I've been saying for years that it all begins with our tastebuds.
    They trigger sensors/receptors in our brains.
    As an example, when I crave comfort food - my brain alerts my mouth to seek foods for my tastebuds that will in turn satisfy my brain.
    These foods need not be junk food, but wholesome, real, slow cooked meals.
    Just the aromas of well prepared food, simmering away, will begin the digestive process before it even enters the stomach - by activating the salivary glands in our mouths which have necessary enzymes to aid in proper digestion when it does enter the stomach.

    Lately, my menopausal hormones have been playing merry hell, and my brain has been demanding chocolate. When I eat it, my tastebuds tell my brain the natural amphetamine, Theobromine, is on it's way...

  7. You make a WHOLE lot of sense. Retrain the mouth. Of course! x

  8. Very good work and of course I agree. Chewing food is so important to be satisfied by a meal. You should chew until there is only mush to swallow. I go with the theory that fat is not so bad for you if you don't overdo it, but sugar is pure evil.

    Funnily, R and I were recently discussing his childhood and teenage years diet in England. While not especially healthy, the quantities were small. One sausage, half a dozen chips, a large spoonful of baked beans was an adequate meal, and it was served on a much smaller plate than what we now use.

  9. Joanne; I love old movies where everyone looks slim and energetic and skin problems were fewer too because the diet was healthier. another problem is the prepared packaged foods available. There's no effort expended in preparation and cooking. It's too easy to just reheat and eat.

    Vicki; it just doesn't make sense for all those weight loss programs to focus on stomach hunger in our world of plenty. The tastebuds are the ones we need to focus on. I love the smell of good foods cooking in my kitchen, the anticipation of dinner. Lately I've been waiting until my stomach actually signals hunger before I start cooking or eating. No weight lost, but 2cm gone from around my waist.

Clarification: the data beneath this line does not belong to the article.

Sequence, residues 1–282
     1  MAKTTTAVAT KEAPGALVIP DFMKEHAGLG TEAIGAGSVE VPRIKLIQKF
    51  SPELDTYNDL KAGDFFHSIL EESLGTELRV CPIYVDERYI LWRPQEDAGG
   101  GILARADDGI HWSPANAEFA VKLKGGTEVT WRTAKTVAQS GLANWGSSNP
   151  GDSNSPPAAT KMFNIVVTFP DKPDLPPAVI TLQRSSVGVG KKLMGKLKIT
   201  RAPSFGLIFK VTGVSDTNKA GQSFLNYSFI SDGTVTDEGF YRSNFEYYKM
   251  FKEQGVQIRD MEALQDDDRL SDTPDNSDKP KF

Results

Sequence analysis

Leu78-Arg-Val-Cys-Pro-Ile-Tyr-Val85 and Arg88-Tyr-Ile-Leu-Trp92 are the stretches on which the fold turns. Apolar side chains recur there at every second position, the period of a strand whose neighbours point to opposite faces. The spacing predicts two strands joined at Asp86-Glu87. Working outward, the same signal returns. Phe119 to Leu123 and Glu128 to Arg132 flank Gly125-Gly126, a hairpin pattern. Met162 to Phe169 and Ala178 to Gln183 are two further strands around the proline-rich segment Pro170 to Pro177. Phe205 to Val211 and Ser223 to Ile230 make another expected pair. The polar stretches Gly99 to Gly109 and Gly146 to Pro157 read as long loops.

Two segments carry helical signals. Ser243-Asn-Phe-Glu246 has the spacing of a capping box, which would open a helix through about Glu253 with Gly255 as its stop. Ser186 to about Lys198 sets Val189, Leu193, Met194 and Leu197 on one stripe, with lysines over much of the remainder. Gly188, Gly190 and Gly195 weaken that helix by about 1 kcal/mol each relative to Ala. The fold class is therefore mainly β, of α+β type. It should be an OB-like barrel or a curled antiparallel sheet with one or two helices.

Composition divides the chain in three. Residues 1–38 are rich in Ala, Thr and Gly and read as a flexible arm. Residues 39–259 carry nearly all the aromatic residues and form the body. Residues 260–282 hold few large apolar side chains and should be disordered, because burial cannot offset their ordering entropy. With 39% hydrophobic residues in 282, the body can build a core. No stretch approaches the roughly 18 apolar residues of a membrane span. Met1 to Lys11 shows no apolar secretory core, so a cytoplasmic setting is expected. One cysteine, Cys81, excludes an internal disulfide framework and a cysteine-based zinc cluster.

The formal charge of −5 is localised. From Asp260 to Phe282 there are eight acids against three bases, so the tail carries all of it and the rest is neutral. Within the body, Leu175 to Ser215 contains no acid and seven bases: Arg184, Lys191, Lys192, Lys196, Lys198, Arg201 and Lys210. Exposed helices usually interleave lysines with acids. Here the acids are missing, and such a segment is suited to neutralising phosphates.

Being Me; I'm a very sensible person.

    Andrew; see? portion size! It's so important. When taken as part of an overall diet fats aren't bad as long as you don't go slicing and eating a block of lard for instance. There are various vitamins which are necessary for good health but are only fat soluble, so minute amounts of fat are needed to release these vitamins for our health. I agree sugar is bad, but again, only in the huge quantities we all consume daily. If we prepare our own food instead of buying canned or ready-made we can more easily control the sugar we eat.

  10. ... great post River... I definitely have 'Mouth hunger' and not true hunger...
    Hugs... Barb xxx

  11. All of which you say is very true but another reason for obesity in the modern age is lack of exercise. Many years ago people ate a lot of fat and sugar but many did not have cars so they walked a lot and there was much more labouring type work done as well.
    What we need to do now is to eat what the body requires to keep it healthy in keeping with the amount of exercise we do.
    That is just in support of what you say but also I feel an important issue in today's world.

  12. I agree with what you've said, River. Very good - and very true.

  13. Re vitamins and fat, I take vitamin D capsules and they must be taken with a meal containing some fat for them to work.